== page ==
How to Avoid Dry, Itchy Winter Skin

Leonardo DiCaprio in Revenant

How to
Avoid Dry,
Itchy Winter Skin

Follow these doctors’ orders
to fix parched skin

Leonardo DiCaprio suffering from some seriously dry skin in The Revenant.

Winter is notoriously tough on your skin from head to toe. The air outside is colder and drier because of lower humidity levels. Inside, furnace-fueled heat leaves skin even more parched. “Dry skin loses much of its pliability so small cracks in the epidermal barrier occur more easily,” says Dr. James Beckman, a biochemist and surgeon who founded the clinical skincare brand Theraderm. That's why winter skin is often either dry, cracked or painfully tight, splotchy and burning.

Add to that this year's constant hand washing—warm water, plenty of soap, 20 seconds minimum—and you've got a recipe for disaster. “Healthy skin must be able to prevent excessive evaporation while still letting sweat occur from the openings of sweat glands,” says Dr. Beckman. “The protective barrier must also be flexible and stretchable.” The solution? Hydration. Your best defense is to be vigilant about moisturizing. And that calls for both the right products and the right technique. Thankfully, we've got expert tips on keeping your skin healthy and itch-free until spring.

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Winter Moisturizing 101

Start in
the Shower

Aim for shorter, lukewarm (not hot) showers until the weather warms up. And while you're in there, use a wash cloth to gently scrub your skin all over. This helps with itchiness and stimulates circulation, which boosts your body's natural oil production.

Moisturize ASAP

Dr. Beckman says you should apply moisturizers after showering—ideally while the skin is still damp—to allow an even spreading on the skin's surface while encouraging optimum penetration. And he says you want to rub it in at least 20 minutes heading outdoors to allow for maximum absorption.

Choose the
Right Product

According to New York City dermatologist Doris Day, M.D., you should look for creams that contain oil since it traps moisture in the skin better than water (which is often found in lighter lotions). She also suggests looking for oil in the first five ingredients to ensure it's a major part of the product's formula.

This rich formula soothes skin with coconut oil and aloe vera along with a blend of anti-inflammatory and calming essential oils. Plus, it smells great and absorbs quickly so your body and hands won't feel greasy.

Replenishing Hand & Body Moisturizer, $18 by Buckler's

Face feeling tight, dull or red? Consider a serum that soaks into the skin. Your body produces its own version of squalane, but it starts to decline as you approach 30, leaving skin vulnerable to dryness. This plant-derived formula will help maintain hydration.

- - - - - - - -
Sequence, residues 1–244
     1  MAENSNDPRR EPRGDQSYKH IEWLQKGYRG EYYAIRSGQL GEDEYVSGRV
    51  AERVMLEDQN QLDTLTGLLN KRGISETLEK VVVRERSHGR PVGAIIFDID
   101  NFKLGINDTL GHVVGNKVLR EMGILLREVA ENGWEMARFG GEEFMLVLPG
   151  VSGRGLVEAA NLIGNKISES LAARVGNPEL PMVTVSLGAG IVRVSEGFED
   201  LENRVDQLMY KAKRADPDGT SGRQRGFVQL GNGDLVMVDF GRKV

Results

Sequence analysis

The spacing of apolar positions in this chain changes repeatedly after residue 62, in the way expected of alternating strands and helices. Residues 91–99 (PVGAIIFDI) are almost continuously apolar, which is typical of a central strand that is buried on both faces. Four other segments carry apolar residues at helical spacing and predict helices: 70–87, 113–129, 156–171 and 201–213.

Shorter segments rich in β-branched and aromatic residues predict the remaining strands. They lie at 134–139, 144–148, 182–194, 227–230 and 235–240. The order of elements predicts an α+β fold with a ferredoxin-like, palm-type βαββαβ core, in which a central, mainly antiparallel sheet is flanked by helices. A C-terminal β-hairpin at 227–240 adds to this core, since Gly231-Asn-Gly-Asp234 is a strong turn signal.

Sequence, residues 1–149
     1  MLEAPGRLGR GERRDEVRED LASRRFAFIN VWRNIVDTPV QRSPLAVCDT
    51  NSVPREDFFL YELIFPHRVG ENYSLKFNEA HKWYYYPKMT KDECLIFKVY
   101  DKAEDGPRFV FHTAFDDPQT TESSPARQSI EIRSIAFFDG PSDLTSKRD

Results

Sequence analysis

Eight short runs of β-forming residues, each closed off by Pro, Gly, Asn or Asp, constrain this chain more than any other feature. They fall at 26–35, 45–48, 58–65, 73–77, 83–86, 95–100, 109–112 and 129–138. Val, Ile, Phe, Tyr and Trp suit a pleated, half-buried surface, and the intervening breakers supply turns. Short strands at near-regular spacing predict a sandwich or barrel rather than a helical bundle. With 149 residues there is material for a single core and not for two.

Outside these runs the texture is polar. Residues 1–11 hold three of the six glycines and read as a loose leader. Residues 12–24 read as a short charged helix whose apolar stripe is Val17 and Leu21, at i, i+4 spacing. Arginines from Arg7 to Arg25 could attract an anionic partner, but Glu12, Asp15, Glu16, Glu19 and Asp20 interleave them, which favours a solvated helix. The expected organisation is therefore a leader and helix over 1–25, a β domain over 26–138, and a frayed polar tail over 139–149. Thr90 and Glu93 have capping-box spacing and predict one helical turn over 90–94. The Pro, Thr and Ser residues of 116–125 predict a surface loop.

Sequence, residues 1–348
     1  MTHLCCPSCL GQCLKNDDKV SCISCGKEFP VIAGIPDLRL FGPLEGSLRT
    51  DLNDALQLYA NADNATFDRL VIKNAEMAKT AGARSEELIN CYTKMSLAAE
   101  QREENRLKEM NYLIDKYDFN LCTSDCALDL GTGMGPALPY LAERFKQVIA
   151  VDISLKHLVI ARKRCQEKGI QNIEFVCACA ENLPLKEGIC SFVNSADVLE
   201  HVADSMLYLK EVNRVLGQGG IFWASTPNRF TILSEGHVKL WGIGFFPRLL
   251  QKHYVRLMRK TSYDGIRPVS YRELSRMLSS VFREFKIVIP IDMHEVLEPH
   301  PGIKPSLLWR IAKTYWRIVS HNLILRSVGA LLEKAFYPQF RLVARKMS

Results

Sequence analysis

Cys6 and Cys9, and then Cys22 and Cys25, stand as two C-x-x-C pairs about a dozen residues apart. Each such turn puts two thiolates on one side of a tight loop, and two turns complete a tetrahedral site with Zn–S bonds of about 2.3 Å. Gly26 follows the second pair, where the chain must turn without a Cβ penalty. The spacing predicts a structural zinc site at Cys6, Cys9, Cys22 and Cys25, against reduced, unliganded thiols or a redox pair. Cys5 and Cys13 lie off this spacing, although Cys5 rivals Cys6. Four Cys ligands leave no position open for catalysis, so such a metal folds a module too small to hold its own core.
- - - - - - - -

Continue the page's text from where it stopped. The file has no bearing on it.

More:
100% Squalane oil,
$32 by Biossance

Dr. Beckman designed this cream to restore function as well as feel, replenishing deficient skin oils with natural lanolin, a true skin oil, from sheep's wool. It works well on any dry patches and helps heal cracked skin quickly.

Extreme Dry Skin Therapy,
$16.95 by Therderm

Reapply

You're fighting a war against dryness here. Don't give up or give in. Persistence pays off when it comes to moisturizing. After your initial post-shower application, you might notice dry spots emerge or hands drying out after the fifth or sixth time you've washed them. That's why you want hit dry areas with another round of moisturizer. Set reminders on your phone through the day if you find yourself forgetting to reapply.

Utilize a Mask

We're not talking about a cloth face mask (though you should be wearing one of those this winter too). We mean applying a mask once a week to either exfoliate the dry, dead skin from your face or to soothe and hydrate the skin. These three are solid choices that deliver results.

Grown Alchemist Enzyme Exfoliant Mask

Enzyme exfoliant mask,
$69 by Grown Alchemist

Cellex-C Betaplex Clear Complexion Mask

Betaplex Clear Complexion mask,
$51 by Cellex-C

He Time Revitalizing & Hydrating Face Mask

Revitalizing & Hydrating face mask,
$8 by He Time

Hydrate from
the Inside

When your body isn't properly hydrated, it prioritizes sending fluids to important organs like your heart and lungs rather than your skin. That's why the docs recommend increasing your water intake to help hydrate from within. They also say foods rich in essential fatty acids are a great way to keep your skin in top shape during the winter months. Focus on foods high in Omega-3s like salmon, tofu, walnuts and flaxseeds. Foods rich in vitamin A like sweet potatoes, carrots and dark, leafy greens will strengthen skin and allow it to create new layers.

Get a Humidifier

If the air in your home feels particularly dry, consider investing in a humidifier to add back the missing moisture. This one is small, quiet and can even be infused with your favorite essential oil to give the room some fragrance.

Humidifier with air purifier and essential oil tray, $31.99 by Levoit

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